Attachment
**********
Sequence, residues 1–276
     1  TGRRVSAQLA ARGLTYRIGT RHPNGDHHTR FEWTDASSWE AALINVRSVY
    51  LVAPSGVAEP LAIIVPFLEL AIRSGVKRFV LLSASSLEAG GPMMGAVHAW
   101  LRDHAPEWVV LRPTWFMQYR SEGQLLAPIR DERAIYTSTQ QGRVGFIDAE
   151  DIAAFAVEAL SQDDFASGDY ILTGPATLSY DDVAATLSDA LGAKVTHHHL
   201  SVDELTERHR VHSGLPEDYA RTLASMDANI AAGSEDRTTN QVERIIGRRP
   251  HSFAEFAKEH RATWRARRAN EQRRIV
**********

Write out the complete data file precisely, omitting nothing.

Sequence, residues 1–276
     1  TGRRVSAQLA ARGLTYRIGT RHPNGDHHTR FEWTDASSWE AALINVRSVY
    51  LVAPSGVAEP LAIIVPFLEL AIRSGVKRFV LLSASSLEAG GPMMGAVHAW
   101  LRDHAPEWVV LRPTWFMQYR SEGQLLAPIR DERAIYTSTQ QGRVGFIDAE
   151  DIAAFAVEAL SQDDFASGDY ILTGPATLSY DDVAATLSDA LGAKVTHHHL
   201  SVDELTERHR VHSGLPEDYA RTLASMDANI AAGSEDRTTN QVERIIGRRP
   251  HSFAEFAKEH RATWRARRAN EQRRIV